Yuval Noah Harari (Homo Deus A Brief History of Tomorrow By Yuval Noah Harari & How We Got to Now Six Innovations that Made the Modern World By Steven Johnson 2 Books Collection Set)
playwright, no director, no producer – and no meaning. To the best of our scientific understanding, the universe is a blind and purposeless process, full of sound and fury but signifying nothing. During our infinitesimally brief stay on our tiny speck of a planet, we fret and strut this way and that, and then are heard of no more. Since there is no script, and since humans fulfil no role in any great drama, terrible things might befall us and no power will come to save us or give meaning to our suffering. There won’t be a happy ending, or a bad ending, or any ending at all. Things just happen, one after the other. The modern world does not believe in purpose, only in cause. If modernity has a motto, it is ‘shit happens’.
Yuval Noah Harari (Homo Deus: ‘An intoxicating brew of science, philosophy and futurism’ Mail on Sunday)
Through the fall, the president’s anger seemed difficult to contain. He threatened North Korea with “fire and fury,” then followed up with a threat to “totally destroy” the country. When neo-Nazis and white supremacists held a rally in Charlottesville, Virginia, and one of them killed a protester and injured a score of others, he made a brutally offensive statement condemning violence “on many sides … on many sides”—as if there was moral equivalence between those who were fomenting racial hatred and violence and those who were opposing it. He retweeted anti-Muslim propaganda that had been posted by a convicted criminal leader of a British far-right organization. Then as now, the president’s heedless bullying and intolerance of variance—intolerance of any perception not his own—has been nurturing a strain of insanity in public dialogue that has been long in development, a pathology that became only more virulent when it migrated to the internet. A person such as the president can on impulse and with minimal effort inject any sort of falsehood into public conversation through digital media and call his own lie a correction of “fake news.” There are so many news outlets now, and the competition for clicks is so intense, that any sufficiently outrageous statement made online by anyone with even the faintest patina of authority, and sometimes even without it, will be talked about, shared, and reported on, regardless of whether it has a basis in fact. How do you progress as a culture if you set out to destroy any common agreement as to what constitutes a fact? You can’t have conversations. You can’t have debates. You can’t come to conclusions. At the same time, calling out the transgressor has a way of giving more oxygen to the lie. Now it’s a news story, and the lie is being mentioned not just in some website that publishes unattributable gossip but in every reputable newspaper in the country. I have not been looking to start a personal fight with the president. When somebody insults your wife, your instinctive reaction is to want to lash out in response. When you are the acting director, or deputy director, of the FBI, and the person doing the insulting is the chief executive of the United States, your options have guardrails. I read the president’s tweets, but I had an organization to run. A country to help protect. I had to remain independent, neutral, professional, positive, on target. I had to compartmentalize my emotions. Crises taught me how to compartmentalize. Example: the Boston Marathon bombing—watching the video evidence, reviewing videos again and again of people dying, people being mutilated and maimed. I had the primal human response that anyone would have. But I know how to build walls around that response and had to build them then in order to stay focused on finding the bombers. Compared to experiences like that one, getting tweeted about by Donald Trump does not count as a crisis. I do not even know how to think about the fact that the person with time on his hands to tweet about me and my wife is the president of the United States.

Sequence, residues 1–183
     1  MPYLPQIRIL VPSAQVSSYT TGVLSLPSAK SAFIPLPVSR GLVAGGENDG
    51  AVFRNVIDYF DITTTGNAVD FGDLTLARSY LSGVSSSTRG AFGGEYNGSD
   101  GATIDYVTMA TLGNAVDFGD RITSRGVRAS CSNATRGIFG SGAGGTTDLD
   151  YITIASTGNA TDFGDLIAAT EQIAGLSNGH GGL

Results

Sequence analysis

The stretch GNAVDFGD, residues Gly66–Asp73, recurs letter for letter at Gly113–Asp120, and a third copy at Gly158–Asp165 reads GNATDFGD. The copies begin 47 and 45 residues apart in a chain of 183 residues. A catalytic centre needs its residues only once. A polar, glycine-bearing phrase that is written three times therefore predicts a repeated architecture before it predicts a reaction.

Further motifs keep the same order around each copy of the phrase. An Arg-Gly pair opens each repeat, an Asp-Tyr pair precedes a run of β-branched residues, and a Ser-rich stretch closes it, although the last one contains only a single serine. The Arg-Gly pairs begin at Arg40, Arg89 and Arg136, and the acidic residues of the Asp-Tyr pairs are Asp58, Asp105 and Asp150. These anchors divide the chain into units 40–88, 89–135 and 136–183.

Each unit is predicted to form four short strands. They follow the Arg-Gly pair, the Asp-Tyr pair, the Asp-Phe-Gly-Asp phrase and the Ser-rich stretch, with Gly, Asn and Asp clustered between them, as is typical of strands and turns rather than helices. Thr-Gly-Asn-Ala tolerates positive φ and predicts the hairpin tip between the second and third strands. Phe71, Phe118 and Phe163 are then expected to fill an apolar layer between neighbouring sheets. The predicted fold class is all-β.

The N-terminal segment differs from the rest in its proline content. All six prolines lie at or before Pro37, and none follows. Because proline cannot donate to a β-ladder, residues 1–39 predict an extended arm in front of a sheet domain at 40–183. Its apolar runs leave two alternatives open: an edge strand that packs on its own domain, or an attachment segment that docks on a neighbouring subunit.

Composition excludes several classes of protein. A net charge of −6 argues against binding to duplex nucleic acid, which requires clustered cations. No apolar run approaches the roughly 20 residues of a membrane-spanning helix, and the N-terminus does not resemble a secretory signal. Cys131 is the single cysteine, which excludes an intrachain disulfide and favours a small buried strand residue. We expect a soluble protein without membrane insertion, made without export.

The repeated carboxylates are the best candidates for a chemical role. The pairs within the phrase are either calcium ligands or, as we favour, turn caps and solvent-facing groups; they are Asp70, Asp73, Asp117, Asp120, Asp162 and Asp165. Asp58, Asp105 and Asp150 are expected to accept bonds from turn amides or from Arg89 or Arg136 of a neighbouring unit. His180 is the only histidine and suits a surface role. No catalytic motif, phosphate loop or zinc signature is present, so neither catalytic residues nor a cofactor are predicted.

Andrew G. McCabe (The Threat: How the FBI Protects America in the Age of Terror and Trump)
Modern culture rejects this belief in a great cosmic plan. We are not actors in any larger-than-life drama. Life has no script, no playwright, no director, no producer – and no meaning. To the best of our scientific understanding, the universe is a blind and purposeless process, full of sound and fury but signifying nothing. During our infinitesimally brief stay on our tiny speck of a planet, we fret and strut this way and that, and then are heard of no more. Since there is no script, and since humans fulfil no role in any great drama, terrible things might befall us and no power will come to save us or give meaning to our suffering. There won’t be a happy ending, or a bad ending, or any ending at all. Things just happen, one after the other. The modern world does not believe in purpose, only in cause. If modernity has a motto, it is ‘shit happens’. On the other hand, if shit just happens, without any binding script or purpose, then humans too are not confined to any predetermined role. We can do anything we want – provided we can find a way. We are constrained by nothing except our own ignorance. Plagues and droughts have no cosmic meaning – but we can eradicate them. Wars are not a necessary evil on the way to a better future – but we can make peace. No paradise awaits us after death – but we can create paradise here on earth and live in it for ever, if we just manage to overcome some technical difficulties.